It was no surprise, then, that our passage with an army of escorts made the streets stop; the women smiling and the men, in a separate group, leaning back and watch us go by. Crowds seemed to gather around whichever porch had arrested us. They asked us questions for a while, but nobody over 25 spoke much English, so the interactions were simple. We often spent meetings just observing one another — they watched us drink our tea, we watched them in the business of their lives.

It was in these groups that the depth of change in the village became apparent. Our escorts and their parents would seem from different worlds were it not for the relation. The parents wore traditional clothing: sarees for women, loin cloths and a collared shirt for men. They had leathery skin from years spent working out in the sun. Our young escorts, however, wore the trendy uniforms of urban youth — khakis and brand-name t-shirts, with skin that was soft and smooth and shiny. The girls, a little more conservative, wore bright, long shirts over thin cotton pants. Both looked out of place on the dusty streets of the village. Some of the boys even had smartphones, which they carried like a badge of honor as they patrolled the village. Others showed off shiny new motorcycles that looked alien next to the roaming buffalo.

When our patrol was over, we retreated back to the church to do some real talking. The boys and the young men who lit up the village with their cries and their cricket games, and the girls and young women who were socially tethered to their porches — these boys and girls had dreams. They were western dreams, white collar dreams, dreams of computer science degrees, dreams with three syllable words like medicine, engineer, IBM and the universal favorite — America! None of them involved cotton. These were kids with whom we could relate, seeing our lives as opportunities to experience fulfillment, passion, and professions that our parents knew little about. These were kids who saw change and wanted a piece of it badly. They had fire in their eyes, backed by thoughts of careers with good salaries and stability. They were Up dreams, dreamt in English, in a language their parents did not understand.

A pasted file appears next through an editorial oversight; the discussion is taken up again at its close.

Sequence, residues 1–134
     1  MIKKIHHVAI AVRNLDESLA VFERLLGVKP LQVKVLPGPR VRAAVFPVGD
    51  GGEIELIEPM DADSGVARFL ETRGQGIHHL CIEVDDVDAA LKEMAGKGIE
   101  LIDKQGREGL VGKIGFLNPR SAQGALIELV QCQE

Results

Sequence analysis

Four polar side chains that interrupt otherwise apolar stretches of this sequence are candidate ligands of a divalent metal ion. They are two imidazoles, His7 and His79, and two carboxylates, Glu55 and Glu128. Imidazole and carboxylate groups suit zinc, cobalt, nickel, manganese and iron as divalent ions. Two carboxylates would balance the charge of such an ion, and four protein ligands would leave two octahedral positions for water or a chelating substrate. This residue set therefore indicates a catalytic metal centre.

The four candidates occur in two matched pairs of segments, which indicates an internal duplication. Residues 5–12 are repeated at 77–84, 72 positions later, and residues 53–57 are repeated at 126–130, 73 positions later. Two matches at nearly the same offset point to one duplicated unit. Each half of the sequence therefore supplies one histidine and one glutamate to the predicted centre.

But those dreams came with a price, and it was still their parents who were forced financially onto their knees to make them possible. They would take risks to pay for those dreams, with a house that hung by a thread, knowing just how precarious the situation was. Their children’s education was at the whims of rain and the Mumbai commodity floor.

We saw that stress manifest itself late one evening. After the kids had retreated into their homes for rice dinners, we sat out with Father Raja, swatting mosquitos on his porch. From next door came the sound of yelling. It was a shrill kind of yelling, honest and sustained, and powered by five fingers of whisky and a genuine angst. Father Raja chuckled. “It’s Simon Reddy. He’s yelling about how he took too much land,” he said, and ambled over to the church compound wall to invite Simon over for an interview. Simon trotted over obediently, if a little unwillingly; one does not disobey the village priest. He sat on the bench next to us and waited submissively for our questions.